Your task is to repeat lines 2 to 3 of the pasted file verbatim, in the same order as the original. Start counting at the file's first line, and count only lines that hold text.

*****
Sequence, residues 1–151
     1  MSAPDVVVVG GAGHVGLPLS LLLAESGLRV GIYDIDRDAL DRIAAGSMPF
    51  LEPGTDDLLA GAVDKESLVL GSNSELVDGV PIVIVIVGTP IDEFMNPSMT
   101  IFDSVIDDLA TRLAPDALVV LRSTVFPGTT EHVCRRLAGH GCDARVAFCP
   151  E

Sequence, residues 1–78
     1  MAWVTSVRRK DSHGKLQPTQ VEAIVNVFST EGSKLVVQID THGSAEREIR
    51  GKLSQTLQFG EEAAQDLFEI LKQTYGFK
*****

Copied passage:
     1  MSAPDVVVVG GAGHVGLPLS LLLAESGLRV GIYDIDRDAL DRIAAGSMPF
    51  LEPGTDDLLA GAVDKESLVL GSNSELVDGV PIVIVIVGTP IDEFMNPSMT